Bush takes on DC about dope, draft
September 9, 1999
Pauline Gore was so gung-ho about her son’s anti-Vietnam War views that she was ready to head to Canada with him. Barbara Bush is so angry about the press’s hammering of her son’s possible cocaine use that she’s hitting the airwaves to demand “Enough!”
So both these fellows, Al Gore and George W. Bush, have tough mothers. The query facing voters is what kind of characters they themselves were back in the late 1960s the era when both these boomers became men. How did these two fellows, similar in so many ways, stand up to the dangers and allures of the nation’s turbulent coming-of-age?
Let’s start with the front-runner.
George W. says he has not used cocaine beyond the age of 28. If he didn’t consume the illegal drug prior to that time, his careful denials make no sense whatsoever.
A hawk on the Vietnam War, the Texas governor joined the Air National Guard when he graduated from Yale, a step that kept him from the fighting.
When he ran for the presidency the first time in 1988, Al Gore admitted to past use of marijuana but said that he quit smoking dope at the age of 25.
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A dove on the war, Gore nonetheless enlisted in the U.S. Army in 1970 and served a tour in Vietnam. In his recent biography of the vice president, with is often critical of Gore, author Bob Zelnick gives his subject ample credit for this service.
“Without question, Gore spent plenty of time in the field. While not nearly as dangerous as the activity of the grunts, it was a decent and honorable way for him to discharge his obligation to this country during a period of great domestic disturbance and moral ambiguity. It was also far more dangerous than the post-graduate courses and ‘essential’ jobs to which flocked many future hard-liners whose reverence for interventionist military policies would grow in direct proportion to their personal distance from the threat of military service.”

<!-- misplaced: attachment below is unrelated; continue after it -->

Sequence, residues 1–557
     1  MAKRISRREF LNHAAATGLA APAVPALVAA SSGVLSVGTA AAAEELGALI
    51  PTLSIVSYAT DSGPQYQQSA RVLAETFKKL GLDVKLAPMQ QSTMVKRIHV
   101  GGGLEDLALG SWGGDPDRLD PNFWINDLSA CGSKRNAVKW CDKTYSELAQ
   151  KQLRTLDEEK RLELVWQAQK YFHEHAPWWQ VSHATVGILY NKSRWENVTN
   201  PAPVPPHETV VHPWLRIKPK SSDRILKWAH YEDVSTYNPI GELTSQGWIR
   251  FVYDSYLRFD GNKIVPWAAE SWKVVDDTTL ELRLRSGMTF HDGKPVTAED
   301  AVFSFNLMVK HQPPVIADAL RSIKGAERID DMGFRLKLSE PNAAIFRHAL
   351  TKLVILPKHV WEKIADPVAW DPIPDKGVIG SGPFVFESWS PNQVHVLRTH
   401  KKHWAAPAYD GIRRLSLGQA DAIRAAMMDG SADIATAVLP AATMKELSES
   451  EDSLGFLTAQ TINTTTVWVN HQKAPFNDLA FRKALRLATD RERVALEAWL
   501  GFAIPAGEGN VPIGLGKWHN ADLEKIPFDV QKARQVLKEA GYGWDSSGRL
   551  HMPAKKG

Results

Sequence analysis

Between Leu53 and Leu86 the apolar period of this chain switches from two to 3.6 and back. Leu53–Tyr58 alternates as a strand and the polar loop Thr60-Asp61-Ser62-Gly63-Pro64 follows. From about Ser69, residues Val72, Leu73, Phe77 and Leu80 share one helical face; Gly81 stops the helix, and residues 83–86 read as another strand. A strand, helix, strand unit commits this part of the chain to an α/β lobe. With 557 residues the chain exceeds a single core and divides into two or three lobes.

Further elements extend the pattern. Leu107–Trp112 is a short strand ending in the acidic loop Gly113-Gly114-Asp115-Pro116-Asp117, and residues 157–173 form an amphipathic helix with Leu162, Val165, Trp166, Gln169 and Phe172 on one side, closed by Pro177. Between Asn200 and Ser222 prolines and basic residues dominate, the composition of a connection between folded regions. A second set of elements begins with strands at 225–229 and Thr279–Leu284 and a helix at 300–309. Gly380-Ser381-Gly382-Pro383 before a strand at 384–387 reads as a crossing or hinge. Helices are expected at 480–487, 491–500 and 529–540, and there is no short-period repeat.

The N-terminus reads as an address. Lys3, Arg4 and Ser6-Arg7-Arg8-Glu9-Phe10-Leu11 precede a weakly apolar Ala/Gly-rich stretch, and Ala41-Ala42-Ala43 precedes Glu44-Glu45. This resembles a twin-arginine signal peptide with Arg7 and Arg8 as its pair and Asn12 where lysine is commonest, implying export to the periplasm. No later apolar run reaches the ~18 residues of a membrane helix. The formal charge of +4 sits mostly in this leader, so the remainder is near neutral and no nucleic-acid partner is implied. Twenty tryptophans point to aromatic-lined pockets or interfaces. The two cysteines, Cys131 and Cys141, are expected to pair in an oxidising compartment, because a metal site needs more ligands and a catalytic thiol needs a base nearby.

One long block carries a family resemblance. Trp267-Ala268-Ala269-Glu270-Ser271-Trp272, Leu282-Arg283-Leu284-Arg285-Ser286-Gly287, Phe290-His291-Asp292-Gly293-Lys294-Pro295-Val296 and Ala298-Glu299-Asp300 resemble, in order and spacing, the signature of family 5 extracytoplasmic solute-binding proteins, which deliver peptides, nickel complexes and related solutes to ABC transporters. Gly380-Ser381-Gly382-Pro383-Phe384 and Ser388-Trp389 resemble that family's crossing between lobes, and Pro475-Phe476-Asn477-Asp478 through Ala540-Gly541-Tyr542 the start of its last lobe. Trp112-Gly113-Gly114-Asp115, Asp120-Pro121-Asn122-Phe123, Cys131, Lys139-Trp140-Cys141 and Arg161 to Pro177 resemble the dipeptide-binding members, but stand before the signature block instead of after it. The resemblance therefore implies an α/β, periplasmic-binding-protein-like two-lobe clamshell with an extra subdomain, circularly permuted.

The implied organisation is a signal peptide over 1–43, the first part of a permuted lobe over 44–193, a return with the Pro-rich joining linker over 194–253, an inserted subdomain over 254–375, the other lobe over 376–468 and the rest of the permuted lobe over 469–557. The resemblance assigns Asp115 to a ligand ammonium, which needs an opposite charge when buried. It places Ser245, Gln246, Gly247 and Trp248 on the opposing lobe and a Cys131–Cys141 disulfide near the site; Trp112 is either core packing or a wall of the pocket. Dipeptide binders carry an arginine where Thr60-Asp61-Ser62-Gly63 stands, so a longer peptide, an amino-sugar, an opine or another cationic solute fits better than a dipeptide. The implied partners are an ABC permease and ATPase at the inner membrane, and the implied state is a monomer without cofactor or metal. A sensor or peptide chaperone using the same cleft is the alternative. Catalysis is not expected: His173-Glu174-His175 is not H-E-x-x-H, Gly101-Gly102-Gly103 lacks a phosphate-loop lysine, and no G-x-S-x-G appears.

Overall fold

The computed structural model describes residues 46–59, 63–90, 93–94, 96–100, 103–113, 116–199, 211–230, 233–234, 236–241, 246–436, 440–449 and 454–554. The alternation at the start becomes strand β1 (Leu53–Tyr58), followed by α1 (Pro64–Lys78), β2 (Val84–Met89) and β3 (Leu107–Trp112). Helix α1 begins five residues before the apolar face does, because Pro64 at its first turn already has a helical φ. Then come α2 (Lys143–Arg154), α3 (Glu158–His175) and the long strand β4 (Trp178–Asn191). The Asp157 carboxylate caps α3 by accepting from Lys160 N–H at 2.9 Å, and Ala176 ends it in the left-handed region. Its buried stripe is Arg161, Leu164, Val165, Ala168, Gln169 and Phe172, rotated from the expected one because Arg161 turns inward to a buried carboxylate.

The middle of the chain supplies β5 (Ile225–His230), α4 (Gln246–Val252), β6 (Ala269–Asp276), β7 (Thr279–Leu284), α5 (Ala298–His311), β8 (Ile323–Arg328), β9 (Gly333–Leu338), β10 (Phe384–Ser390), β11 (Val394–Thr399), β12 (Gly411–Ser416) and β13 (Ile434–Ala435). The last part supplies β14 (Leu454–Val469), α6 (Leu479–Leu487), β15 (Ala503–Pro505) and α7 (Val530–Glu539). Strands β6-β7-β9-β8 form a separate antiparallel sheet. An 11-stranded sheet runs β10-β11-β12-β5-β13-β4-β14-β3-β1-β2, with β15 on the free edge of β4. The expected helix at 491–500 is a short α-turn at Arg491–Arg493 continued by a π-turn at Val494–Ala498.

Placing these two ’60s portraits side-by-side, we get an interesting comparison.
On the right is the charming, gregarious Bush who avoided the generational militancy of the ’60s, who backed the war but felt no urge to fight in it, who may have enjoyed the pleasures of the counter-culture but not its intellectual ferment or political revolt.
On the left is the socially reserved Gore who accepted service in a war he and his peers detested, who smoked dope but also exposed his young mind to the issues of his new generation from environmental protection to Pentagon reform.
As a member of the same generation as this pair, I find the picture of George W. Bush the more familiar, if hardly the more attractive.
“I would have gone,” Bush told a Washington Post reporter, had his National Guard unit been called up for action in Vietnam. But it’s hard to give three cheers to a certified hawk, a young and committed backer of the war, for grabbing for a billet in the well-recognized safety of the home guard.
The same goes for the drug question. I’ll admit to a ’60s’ bias here. There’ll be a lot more issues ahead in the 2000 choice, but I like that young fellow, Al Gore, who dug deeply into the political and cultural excitement of that great decade, and not just the dope. (Chris Matthews, chief of the San Francisco Examiner’s Washington Bureau, is host of “Hardball” on CNBC cable channels. Copyright 1999 Newspaper Enterprise Assn.)